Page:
Super Mario gaming is a staple for anyone with a Nintendo, whether it was Gameboy or Wii. The game has proven timeless since its inception 35 years ago.
Mario's longstanding popularity is not surprise as everyone's favourite jumping plumber and his friends have taken over not just gaming but pop culture as well.
To celebrate this enduring character, here are some facts even the biggest fan might not know.
1. Mario made his debut alongside Donkey Kong
Mario originally featured as 'Jumpman' in the video game Donkey Kong. The creator of the game, Shigeru Miyamoto, referred to Mario as 'Mr. Video Game'.
When Mario was Jumpman, players had to get to the top level to save Pauline by leaping from beam to beam, avoiding dangerous items being hurtled toward you by Donkey Kong.
2. Mario was a jack of many trades
Mario has had many jobs in his career. He was a plumber in the OG Mario Bros. in 1983. Seven years later, he hung up his tool belt to become a doctor in 'Dr. Mario' on NES in 1990. After a brief stint there, in 1992 he became a racing car driver in Super Mario Kart on SNES.
Over the years he has even played the part of a demolition engineer in Wrecking Crew on Nintendo Entertainment System (NES) in 1985. He also tried his hand at golf in Mario Golf on Nintendo 64 in 1999. In 2000, he was a tennis player in Mario Tennis on Nintendo 64 in 2000. He has also dabbled in the realm of soccer in Mario Smash Football for Nintendo GameCube, 2005.
3. Super Mario Bros. was meant to be Nintendo's last cartridge game ever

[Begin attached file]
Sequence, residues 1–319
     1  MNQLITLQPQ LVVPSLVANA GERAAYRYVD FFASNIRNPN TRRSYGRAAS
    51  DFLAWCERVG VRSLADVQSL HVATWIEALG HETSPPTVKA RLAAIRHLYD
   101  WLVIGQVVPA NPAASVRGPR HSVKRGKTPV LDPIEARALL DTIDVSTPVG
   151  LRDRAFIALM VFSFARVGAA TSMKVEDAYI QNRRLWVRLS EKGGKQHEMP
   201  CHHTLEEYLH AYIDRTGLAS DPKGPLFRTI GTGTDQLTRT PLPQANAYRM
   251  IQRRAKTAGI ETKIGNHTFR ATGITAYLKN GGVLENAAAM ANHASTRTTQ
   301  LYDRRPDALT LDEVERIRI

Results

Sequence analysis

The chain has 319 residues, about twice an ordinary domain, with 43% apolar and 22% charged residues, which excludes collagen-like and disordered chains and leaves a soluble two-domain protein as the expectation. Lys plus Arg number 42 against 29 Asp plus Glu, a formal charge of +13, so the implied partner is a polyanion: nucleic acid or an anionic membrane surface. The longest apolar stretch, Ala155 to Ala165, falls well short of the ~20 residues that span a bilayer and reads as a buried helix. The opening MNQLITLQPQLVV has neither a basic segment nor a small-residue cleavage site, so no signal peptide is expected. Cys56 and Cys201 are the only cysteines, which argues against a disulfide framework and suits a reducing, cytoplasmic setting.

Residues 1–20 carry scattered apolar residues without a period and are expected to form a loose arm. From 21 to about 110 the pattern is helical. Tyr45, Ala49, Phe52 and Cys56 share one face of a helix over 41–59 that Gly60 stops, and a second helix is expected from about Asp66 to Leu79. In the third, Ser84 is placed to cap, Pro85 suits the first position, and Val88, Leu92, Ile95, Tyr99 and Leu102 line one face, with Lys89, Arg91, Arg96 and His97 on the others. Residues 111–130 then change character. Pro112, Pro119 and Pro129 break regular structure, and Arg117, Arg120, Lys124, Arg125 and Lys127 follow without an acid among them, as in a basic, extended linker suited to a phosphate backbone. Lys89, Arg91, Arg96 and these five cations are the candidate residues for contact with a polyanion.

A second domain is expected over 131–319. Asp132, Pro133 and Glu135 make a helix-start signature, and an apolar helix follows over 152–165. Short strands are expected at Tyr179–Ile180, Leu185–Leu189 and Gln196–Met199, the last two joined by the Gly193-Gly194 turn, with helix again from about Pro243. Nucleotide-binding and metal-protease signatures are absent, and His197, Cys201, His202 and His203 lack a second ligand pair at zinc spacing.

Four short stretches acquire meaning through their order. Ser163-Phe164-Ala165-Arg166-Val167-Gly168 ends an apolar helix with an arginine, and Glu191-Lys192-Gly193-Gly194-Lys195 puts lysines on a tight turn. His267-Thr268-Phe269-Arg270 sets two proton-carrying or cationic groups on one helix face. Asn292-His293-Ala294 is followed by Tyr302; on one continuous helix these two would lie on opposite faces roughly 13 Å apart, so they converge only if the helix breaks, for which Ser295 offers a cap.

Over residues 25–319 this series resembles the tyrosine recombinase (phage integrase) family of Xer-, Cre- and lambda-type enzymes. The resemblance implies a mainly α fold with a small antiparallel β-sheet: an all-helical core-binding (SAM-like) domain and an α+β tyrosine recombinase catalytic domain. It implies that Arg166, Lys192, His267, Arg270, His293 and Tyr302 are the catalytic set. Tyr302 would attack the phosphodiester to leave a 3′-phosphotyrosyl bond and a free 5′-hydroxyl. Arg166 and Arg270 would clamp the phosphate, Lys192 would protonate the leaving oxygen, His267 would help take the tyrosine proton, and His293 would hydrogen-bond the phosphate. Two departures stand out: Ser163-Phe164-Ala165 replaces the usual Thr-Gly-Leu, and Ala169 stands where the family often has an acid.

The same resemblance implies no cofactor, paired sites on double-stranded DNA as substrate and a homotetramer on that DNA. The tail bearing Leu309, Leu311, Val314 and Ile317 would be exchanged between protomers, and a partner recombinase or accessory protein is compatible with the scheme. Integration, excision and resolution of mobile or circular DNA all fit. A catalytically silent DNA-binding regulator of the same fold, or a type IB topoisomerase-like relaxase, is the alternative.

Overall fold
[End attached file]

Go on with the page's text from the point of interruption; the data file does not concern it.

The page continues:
The Super Mario Bros. franchise was such a success that Nintendo stuck with the cartridge game rather than switching to floppy disk-based systems. The intention to switch was made before the game was released, but once it became so popular they stuck with the cartridge consoles for another twenty years.
4. Mario's signature look was a quick fix
Motion graphic technology was not what it is today. Three decades ago, when Mario first came onto the scene, developers were very limited.
His signature look was an amalgamation of the graphical illustrations available at the time on arcade hardware in the 80s.
Creator Shigeru Miyamoto gave him bright red overalls and a blue shirt so that his arm movements were more noticeable, along with a big nose and mustache so players could recognise his face.
5. The Super Mario theme song has lyrics you've probably never heard
The unmistakable earworm that plays throughout the game has been remastered into pop songs over the years.
When the game was released, Nintendo had heard about a Japanese radio competition that asked fans to submit lyrics for the Mario theme song. One submission was so impressive that they decided to have it recorded and released the song on a vinyl.
Listen to the original Japanese lyrics here.